Want to estimate the size of Bedding Dryer you need for your dairy? View our Bedding Dryer size chart.

Is it safe to have such a large Bedding Dryer in and near my barn and other buildings?

Yes. Each Bedding Dryer has redundant sensors in the inlet and outlet to continously monitor the temperature. If the temperature gets out of range, the burner automatically idles down. In the event of dangerously high temperatures, the burner will shut off and a solenoid valve will open to allow steam or hot water to enter the dryer and extinguish any fires that may be present. 

What is the difference between a single-pass Bedding Dryer and a triple-pass Bedding Dryer?

The Single-Pass Bedding Dryer is the workhouse of the rotary drying world. As the name implies, material makes one pass through the drum. It enters at the inlet end, travels the length of the drum and exits. Single-pass rotary dryers are most often used for heavier, stickier and more abrasive materials.


The Triple-Pass Bedding Dryer looks similar to a Single-Pass Bedding Dryer on the exterior, but the interior is much different. The triple-pass rotary dryer contains three drums in one: an external drum, and internal drum and an intermediate drum. Material enters the inlet of the internal drum. It travels to the discharge end, but instead of discharging, it tumbles outward to the intermediate drum where it is pulled back toward the inlet. Once the material reaches the inlet end, it tumbles out to the outermost drum, where it travels once again to the outlet end. Once it gets to the outlet, the material exits the drum. This type of Bedding Dryer is good for lighter materials, such as manure fibers. It allows for lower inlet temperatures and fan speeds but still provides the longer retention time needed by some materials.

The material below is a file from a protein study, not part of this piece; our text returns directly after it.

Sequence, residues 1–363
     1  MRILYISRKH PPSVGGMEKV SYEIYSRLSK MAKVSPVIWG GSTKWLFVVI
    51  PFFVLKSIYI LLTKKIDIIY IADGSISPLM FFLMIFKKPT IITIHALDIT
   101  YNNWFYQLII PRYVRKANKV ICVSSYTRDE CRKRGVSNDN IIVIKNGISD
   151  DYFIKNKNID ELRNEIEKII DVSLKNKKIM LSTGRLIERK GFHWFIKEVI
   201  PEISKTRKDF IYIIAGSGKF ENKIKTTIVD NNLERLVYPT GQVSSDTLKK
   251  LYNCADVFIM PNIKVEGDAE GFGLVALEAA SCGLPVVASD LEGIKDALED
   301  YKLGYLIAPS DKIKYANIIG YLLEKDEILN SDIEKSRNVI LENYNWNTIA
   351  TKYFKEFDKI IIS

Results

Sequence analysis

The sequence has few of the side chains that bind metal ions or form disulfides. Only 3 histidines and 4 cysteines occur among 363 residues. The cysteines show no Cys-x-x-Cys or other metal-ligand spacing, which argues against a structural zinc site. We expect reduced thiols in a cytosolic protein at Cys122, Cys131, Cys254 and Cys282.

What other methods are used to dry bedding besides Bedding Dryers?

Some of the most common methods of drying bedding include fluidized bed dryers, flash tube dryers, infrared dryers and perforated bed dryers.


While each of these systems is capable of drying materials, here are the reasons why McLanahan has chosen to use rotary dryers in their systems.

Can I use other fuel sources besides natural gas to operate a Bedding Dryer?

Natural gas and propane are the most common types of fuel that are used to operate Bedding Dryers, but you can also use No. 2 Diesel as a fuel source. If you have a digester and excess biogas, you can use the biogas as long as it is scrubbed. View our Bedding Dryer Operational Costs chart to see how much fuel is required to dry a ton of bedding.

What happens to all the water that is evaporated from the material through the Bedding Dryer?

The amount of water that is evaporated from the material through the Bedding Dryer can be significant. The water is drawn into the air as water vapor and is carried out of the system through the exhaust ductwork. There are minimal residual fines and the exhaust can usually exit the system outside the building; it will look like a plume of water vapor. In some cases where the exhaust needs scrubbed further, a baghouse can be installed to clean any residual fines that may still be present.